The Inforum approach to modeling attempts to provide both the dynamics and high-level accounting of macroeconomic models and the industry structure featured in the general equilibrium approach to modeling. The Long-term Interindustry Forecasting Tool (LIFT) is a dynamic general equilibrium representation of the U.S. national economy. It combines an interindustry input-output (I-O) formulation with extensive use of regression analysis to employ a “bottom-up” approach to macroeconomic modeling. In this way, the model works like the actual economy, building the macroeconomic totals from details of industry activity, rather than by distributing predetermined macroeconomic quantities among industries. For example, aggregate investment, total exports, and employment are not determined directly, but are computed as the sum of their parts: investment by industry, exports by commodity, and employment by industry. LIFT contains full demand and supply accounting for 110 productive sectors.
This bottom-up technique provides several desirable properties for analyzing the economy. First, the model describes how changes in one industry, such as increasing productivity or changing international trade patterns, affect related sectors and the aggregate quantities. Second, parameters in the behavioral equations differ among products, reflecting differences in, for instance, consumer preferences, price elasticities in foreign trade, and industrial structure. Third, the detailed level of disaggregation permits the modeling of prices by industry, allowing one to explore the causes and effects of relative price changes.
Another important feature of the model is the dynamic determination of endogenous variables. LIFT is an annual model, solving year by year, and it incorporates key dynamics that include investment and capital stock formation. For example, investment depends on a distributed lag in the growth of investing industries and international trade depends on a distributed lag of foreign price changes. Moreover, parameter estimates for structural equations largely are based on time-series regressions, thereby reflecting the dynamic behavior of the economic data underlying the model. Therefore, model solutions are not static, but instead they project a time path for the endogenous quantities. The LIFT model thus simulates the economy year-by-year, allowing analysts to examine both the ultimate economic impacts of projected energy or environmental policies and the dynamics of the economy’s adjustment process over time.
Despite its industry basis, LIFT is a general equilibrium model, using bottom-up accounting to determine macroeconomic quantities that are consistent with the underlying industry detail. It includes macroeconomic variables that are consistent with the National Income and Product Accounts (NIPA) and other published data. This macroeconomic “superstructure” contains key functions for household savings behavior, interest rates, exchange rates, unemployment, taxes, government spending, and current account balances. Like many aggregate macroeconomic models, this structure is configured to make LIFT exhibit “Keynesian” demand-driven behavior over the short run but neoclassical growth characteristics over the longer term. For example, while monetary and fiscal policies and changes in exchange rates can affect the level of output in the short-to-intermediate term, supply forces – available labor, capital, and technology – will determine the level of output in the long term.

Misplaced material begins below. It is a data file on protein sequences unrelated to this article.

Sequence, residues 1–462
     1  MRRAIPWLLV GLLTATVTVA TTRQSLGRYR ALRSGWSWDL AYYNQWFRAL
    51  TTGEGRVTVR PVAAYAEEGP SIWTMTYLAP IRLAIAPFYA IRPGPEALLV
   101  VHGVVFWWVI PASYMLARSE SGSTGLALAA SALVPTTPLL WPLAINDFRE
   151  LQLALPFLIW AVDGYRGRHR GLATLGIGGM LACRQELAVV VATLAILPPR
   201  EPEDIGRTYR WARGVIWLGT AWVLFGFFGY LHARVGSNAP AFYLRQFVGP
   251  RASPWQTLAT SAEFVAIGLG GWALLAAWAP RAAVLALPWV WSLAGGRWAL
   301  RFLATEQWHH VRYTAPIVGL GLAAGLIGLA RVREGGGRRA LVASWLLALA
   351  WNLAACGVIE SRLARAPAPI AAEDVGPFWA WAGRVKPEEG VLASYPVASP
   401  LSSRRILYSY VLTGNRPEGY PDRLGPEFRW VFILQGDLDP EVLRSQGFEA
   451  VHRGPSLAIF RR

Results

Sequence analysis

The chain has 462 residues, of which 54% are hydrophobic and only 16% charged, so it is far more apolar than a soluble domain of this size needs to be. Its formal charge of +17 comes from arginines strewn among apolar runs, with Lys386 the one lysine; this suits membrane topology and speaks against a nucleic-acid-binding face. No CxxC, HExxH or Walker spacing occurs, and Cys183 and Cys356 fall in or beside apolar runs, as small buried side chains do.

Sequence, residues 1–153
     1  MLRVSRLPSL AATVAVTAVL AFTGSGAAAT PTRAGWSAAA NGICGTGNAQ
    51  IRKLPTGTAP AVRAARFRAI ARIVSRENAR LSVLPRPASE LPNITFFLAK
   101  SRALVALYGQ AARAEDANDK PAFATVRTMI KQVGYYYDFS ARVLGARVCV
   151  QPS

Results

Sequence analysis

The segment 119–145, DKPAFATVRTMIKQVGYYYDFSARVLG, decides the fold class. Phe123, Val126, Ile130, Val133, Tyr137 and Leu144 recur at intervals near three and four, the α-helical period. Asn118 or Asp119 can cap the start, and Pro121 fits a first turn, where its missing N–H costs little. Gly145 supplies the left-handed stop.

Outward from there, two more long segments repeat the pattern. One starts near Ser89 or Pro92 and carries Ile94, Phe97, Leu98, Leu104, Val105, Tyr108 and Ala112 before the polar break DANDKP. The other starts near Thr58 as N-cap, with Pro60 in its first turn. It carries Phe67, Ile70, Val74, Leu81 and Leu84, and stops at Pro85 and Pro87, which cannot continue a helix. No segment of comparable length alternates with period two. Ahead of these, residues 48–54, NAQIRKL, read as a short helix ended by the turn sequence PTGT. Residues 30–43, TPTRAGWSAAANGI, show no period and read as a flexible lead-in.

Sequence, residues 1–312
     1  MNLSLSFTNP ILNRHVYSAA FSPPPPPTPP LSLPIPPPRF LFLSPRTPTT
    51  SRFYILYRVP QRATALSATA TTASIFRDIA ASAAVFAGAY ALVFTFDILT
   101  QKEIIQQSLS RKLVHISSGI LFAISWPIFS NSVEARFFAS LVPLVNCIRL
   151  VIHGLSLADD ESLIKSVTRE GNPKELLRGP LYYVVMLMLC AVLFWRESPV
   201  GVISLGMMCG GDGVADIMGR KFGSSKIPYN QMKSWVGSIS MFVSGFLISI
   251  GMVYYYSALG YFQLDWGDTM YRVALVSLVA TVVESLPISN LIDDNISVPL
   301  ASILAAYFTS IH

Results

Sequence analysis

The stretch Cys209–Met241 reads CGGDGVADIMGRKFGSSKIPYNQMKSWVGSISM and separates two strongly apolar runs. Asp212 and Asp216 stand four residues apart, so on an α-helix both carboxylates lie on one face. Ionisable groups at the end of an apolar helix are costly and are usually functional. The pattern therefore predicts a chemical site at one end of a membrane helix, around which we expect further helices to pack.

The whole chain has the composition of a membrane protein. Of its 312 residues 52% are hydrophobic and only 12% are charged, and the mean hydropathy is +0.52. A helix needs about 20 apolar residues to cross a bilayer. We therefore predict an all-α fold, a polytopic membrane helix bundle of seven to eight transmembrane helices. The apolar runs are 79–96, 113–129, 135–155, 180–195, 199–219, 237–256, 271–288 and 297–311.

The LIFT model thus is particularly suited for examining and assessing the macroeconomic and industry impacts of the changing composition of consumption, production, foreign trade, and employment as the economy grows through time.
The interindustry framework underlying the model is composed of five blocks: final demand, supply, factor income, prices, and the accountant. The first block of LIFT uses econometric equations to predict the behavior of real final demand (consumption, investment, imports, exports, and government expenditures). The components are modeled at various levels of detail. For example, aggregate consumption is the sum of 83 consumption products, and aggregate construction investment is the sum of expenditures for 19 types of private structures. Demand by product, with product sectors consistent with the input-output table (A matrix), is determined using bridge matrices to convert final demand to the commodity level. Following Wilson (2001), this equation is specified as: